The first time I watched TFA I was with my teen daughter (big SW fan like me).

When Poe was referred to as the best pilot in the Resistance I was saying 'That remains to be seen' (my own internal monologue).

The scene where the First Order attacks Maz's temple, and the X-Wings come racing in over the water was pretty thrilling. My daughter and I glanced at each other with that glee that comes with a mutual recognition of a cool scene.

There is a sequence that comes next where during a panning shot of the battle, there is one X-Wing that weaves in and out of view, blasting an improbable number of enemies.
It is revealed that that fighter is being piloted by Poe.

My daughter and I shared another excited glance in the theater. In that moment, Dameron's reputation as a galaxy-class pilot was confirmed.

Smile

Now, I understand if this is just CGI crazy acrobatics in your opinion; but for us, the timely rescue was enough story and emotional weight, coupled with his apparent nonchalance in dialogue while doing it to satisfy requirements!!!

Yes, thanks. TFA had piloting dramatics for sure. No, not ANH-level, but about equal to RotJ-level. If a fan doesn't like TFA anyway they don't want to see it so they won't. I don't have any problem in any of the films with dialogue speaking to piloting skill, as long as I get to see it in action and it serves the drama of the film, I'm satisfied. The criticism of there shouldn't be dialogue speaking to piloting ability comes across like one of those, "...and another thing, and another thing.." laundry-list bash-fests I've seen so much of over the years.

The bottom line is, it is one thing to say "I personally don't like this movie because of this aspect", and quite another thing to say, 'These highly successful non-rookie professional career filmmakers make rookie mistakes according to some non-filmmaker fan.' If you can't tell the difference between these two types of things, then my general advice to you is to just stick with judging the art from your subjective view. Thanks.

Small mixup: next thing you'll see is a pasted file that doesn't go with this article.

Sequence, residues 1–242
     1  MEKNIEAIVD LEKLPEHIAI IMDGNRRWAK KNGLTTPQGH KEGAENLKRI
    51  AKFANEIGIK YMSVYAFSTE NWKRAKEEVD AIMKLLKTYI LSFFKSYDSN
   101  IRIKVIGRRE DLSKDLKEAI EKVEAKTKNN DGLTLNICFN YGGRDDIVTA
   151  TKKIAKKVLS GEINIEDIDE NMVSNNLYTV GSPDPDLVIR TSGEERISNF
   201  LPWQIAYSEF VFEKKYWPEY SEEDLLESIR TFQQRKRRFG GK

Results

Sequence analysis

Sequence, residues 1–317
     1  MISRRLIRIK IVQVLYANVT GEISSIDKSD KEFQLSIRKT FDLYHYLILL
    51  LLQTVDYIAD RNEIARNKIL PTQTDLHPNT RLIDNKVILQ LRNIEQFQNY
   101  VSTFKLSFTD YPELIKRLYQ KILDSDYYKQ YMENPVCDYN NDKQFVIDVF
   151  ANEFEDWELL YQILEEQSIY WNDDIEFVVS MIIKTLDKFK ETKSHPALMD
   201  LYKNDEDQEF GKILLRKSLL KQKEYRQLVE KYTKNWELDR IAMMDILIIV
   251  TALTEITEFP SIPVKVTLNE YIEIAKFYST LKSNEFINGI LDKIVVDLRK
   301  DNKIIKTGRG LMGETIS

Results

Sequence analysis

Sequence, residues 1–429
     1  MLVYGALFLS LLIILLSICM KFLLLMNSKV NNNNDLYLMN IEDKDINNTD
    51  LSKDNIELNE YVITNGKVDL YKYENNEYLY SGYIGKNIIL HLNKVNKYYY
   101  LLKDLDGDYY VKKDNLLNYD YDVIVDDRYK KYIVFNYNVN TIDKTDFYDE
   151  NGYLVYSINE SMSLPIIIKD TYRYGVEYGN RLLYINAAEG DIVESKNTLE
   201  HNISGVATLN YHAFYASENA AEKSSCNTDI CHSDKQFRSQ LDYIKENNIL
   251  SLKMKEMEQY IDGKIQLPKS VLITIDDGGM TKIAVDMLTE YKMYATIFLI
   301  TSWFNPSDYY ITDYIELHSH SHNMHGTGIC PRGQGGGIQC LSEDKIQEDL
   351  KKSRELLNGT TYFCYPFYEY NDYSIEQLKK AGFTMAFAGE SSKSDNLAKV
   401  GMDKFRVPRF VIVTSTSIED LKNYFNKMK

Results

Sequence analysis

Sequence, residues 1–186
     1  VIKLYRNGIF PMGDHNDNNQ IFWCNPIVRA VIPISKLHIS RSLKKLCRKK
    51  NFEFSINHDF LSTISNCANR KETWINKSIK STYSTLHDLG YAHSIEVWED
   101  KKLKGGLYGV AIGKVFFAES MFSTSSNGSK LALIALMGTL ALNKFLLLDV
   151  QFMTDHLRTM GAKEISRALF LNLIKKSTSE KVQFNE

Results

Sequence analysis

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PostPosted: Sun Jun 17, 2018 8:14 pm    Post subject: Reply with quote

Yeah, this is just going to go in a circle. When a person can hand-wave the acceptance of Maul surviving, yet complains about piloting ability and how a character is described in The Force Awakens (or The Last Jedi), then they are not someone who will ever change their mind.

Nor will they be able to change the mind of people who enjoyed the new Star Wars films...even from those of us who originally saw Star Wars when it came out in '77. Some of us "old fans" can actually enjoy the new movies and don't put on our nostalgia goggles (nice one on that one Whill) when we go to see the new Star Wars films.
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TauntaunScout
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PostPosted: Sun Jun 17, 2018 8:37 pm    Post subject: Reply with quote

We can go around and around about the details and parsing out terminology all day. My point is my dislike of the new films has nothing to do with my clinging to established EU canon. I was never that big into the EU, except for West End miniatures and RPG supplements. I can pretty much nail down what parts of each movie I liked and what parts I didn't and the old EU had nothing to do with it.